Follow Slashdot stories on Twitter


Forgot your password?
Supercomputing Japan

Japan Planning Exascale Computer For 2020 38

Nerval's Lobster writes "Japan has thrown its hat into the ring for exascale computing, reported the country's newspapers. The goal: achieve one exaFLOPS of performance by 2020. Japan's finance ministry has agreed to begin work next fiscal year on a supercomputer with a performance capability 100 times that of the K computer, a 10-petaFLOPS computer that debuted as the most powerful supercomputer in the world in 2011. The midterm report for the new supercomputer was concluded Thursday, the Asahi Shimbun business daily reported. The Japan Times was slightly more conservative, reporting that the Education, Culture, Sports, Science and Technology Ministry will seek funding to design the new machine in its fiscal 2014 budget request — implying that the project has not necessarily been approved. The science ministry is hoping to keep the cost of the new supercomputer below the ¥110 billion mark ($1.08 billion) that was required to develop the K computer, the paper reported. (Slashdot couldn't find any evidence that the project had been approved on the ministry Webpage, although the K computer was mentioned several times in a discussion of public-private partnerships.)"
This discussion has been archived. No new comments can be posted.

Japan Planning Exascale Computer For 2020

Comments Filter:
  • priorities... (Score:5, Interesting)

    by schlachter (862210) on Friday May 10, 2013 @01:27PM (#43687511)

    we could build several of these for the price of a single B2 bomber.
    wish we would spend our money on something like this instead.

    • Yeah but the B2 won't be obsolete by the time it's built. :P
    • Just a gentle wouldn't have the Internet if it hadn't been for the defense industry.
      • Re: priorities... (Score:4, Interesting)

        by Laxori666 (748529) on Friday May 10, 2013 @02:08PM (#43688015) Homepage
        Not necessarily true. Maybe it would have been developed by universities or something. It's like saying the radio wouldn't have existed if none of the people involved in creating the first radio were born. Other people would probably have invented it.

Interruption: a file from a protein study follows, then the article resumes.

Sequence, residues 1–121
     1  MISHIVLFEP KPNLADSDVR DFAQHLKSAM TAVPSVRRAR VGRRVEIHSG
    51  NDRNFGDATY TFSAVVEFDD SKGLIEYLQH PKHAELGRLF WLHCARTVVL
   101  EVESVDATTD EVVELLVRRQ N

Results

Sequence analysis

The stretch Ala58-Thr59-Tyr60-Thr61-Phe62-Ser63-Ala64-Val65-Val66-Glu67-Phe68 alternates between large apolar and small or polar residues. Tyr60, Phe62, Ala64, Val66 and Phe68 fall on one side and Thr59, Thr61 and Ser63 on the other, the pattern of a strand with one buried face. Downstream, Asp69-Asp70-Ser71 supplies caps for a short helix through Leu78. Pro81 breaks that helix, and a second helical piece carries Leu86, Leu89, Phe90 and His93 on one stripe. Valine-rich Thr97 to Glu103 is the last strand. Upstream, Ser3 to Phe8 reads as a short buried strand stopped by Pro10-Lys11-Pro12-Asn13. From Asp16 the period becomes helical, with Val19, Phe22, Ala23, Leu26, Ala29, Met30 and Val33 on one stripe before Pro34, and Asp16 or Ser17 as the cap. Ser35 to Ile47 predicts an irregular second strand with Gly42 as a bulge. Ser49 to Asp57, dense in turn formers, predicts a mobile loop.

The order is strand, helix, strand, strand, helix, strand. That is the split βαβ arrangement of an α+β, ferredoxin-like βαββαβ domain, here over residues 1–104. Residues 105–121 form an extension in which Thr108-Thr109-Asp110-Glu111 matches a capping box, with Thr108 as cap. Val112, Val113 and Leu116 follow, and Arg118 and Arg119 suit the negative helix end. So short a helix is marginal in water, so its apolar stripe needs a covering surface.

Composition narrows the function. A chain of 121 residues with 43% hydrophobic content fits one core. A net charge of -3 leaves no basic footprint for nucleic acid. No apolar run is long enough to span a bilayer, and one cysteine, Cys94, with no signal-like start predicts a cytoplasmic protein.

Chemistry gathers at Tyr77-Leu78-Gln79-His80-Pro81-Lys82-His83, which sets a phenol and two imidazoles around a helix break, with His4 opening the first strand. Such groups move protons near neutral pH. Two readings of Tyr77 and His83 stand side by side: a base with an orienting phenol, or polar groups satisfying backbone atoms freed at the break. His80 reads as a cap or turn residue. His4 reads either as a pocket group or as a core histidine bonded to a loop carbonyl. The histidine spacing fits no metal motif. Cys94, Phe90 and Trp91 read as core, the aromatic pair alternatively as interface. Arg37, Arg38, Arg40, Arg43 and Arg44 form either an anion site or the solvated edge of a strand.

• The Defense Industry has sent men to the moon in the 60s, built the internet, GPS, and super computers.

        These companies don't only work for the Defense Department and they don't only build bombers.

      • by Anonymous Coward

        The "defense industry" and "DARPA" are not necessarily the same. Alas, enjoy your corporatism...

    • by iggymanz (596061)

      damn, you're right. and think of how far we could push the state of the art of nuclear weapons design with those machines.

  • So how many flops does a human brain has ?
    • by mangu (126918)

      The top systems today are approximately at the same capacity as a human brain.

      Brain neurons perform an operation that's similar to a dot product []. Their operation can be simulated by a weight for each dendrite that's multiplied by that dendrite's input.

      In rough order of magnitude, a human brain has a hundred billion neurons, or 1e11 in standard computer language notation. Each neuron has an average of one thousand inputs, 1e3, and performs a hundred operations per second. That is 1e11 * 1e3 * 1e2 = 1e16 flop

  • by bahaa elaila (2920349) on Friday May 10, 2013 @01:41PM (#43687707)
    I totally concur with japan, i guess the emperor was frustrated at the performance of photoshop CS6. That's the type of computers Adobe makes multimedia editing software for
  • by Anonymous Coward

    Meanwhile, the Bitcoin network has already broken the equivalent of the exaFLOP barrier. Of course you can't coordinate this computing power in the same way, but it's interesting to note.

  • by peter303 (12292) on Friday May 10, 2013 @02:02PM (#43687957)
    Moores law predicts 1000x per 15 years.
  • by loufoque (1400831) on Friday May 10, 2013 @02:24PM (#43688135)

    The main challenge of exascale computing is energy efficiency. It's going to cost 100 million dollars per year in electricity alone.

    • Power consumption and mean time between failure are the current major challenges. What good would a exa-scale supercomputer be, if you couldn not run a full-system job on it for even one hour?
      • What good would a exa-scale supercomputer be, if you couldn not run a full-system job on it for even one hour?

        It would be one hour more worth than current Japanese Fifth Generation Computer Systems.

  • Things we have now, like CD's, rocket ships, the internet, tablet computers, televideo started off as science fiction and Japan is a M A S S I V E exporter of sci-fi, from anime to manga to the Haikasoru sci-fi book series--so it makes sense they build the odd super computer.
  • Are there enough heavy-computing tasks that will keep this computer occupied? Is there a shortage of computing power currently?

10.0 times 0.1 is hardly ever 1.0.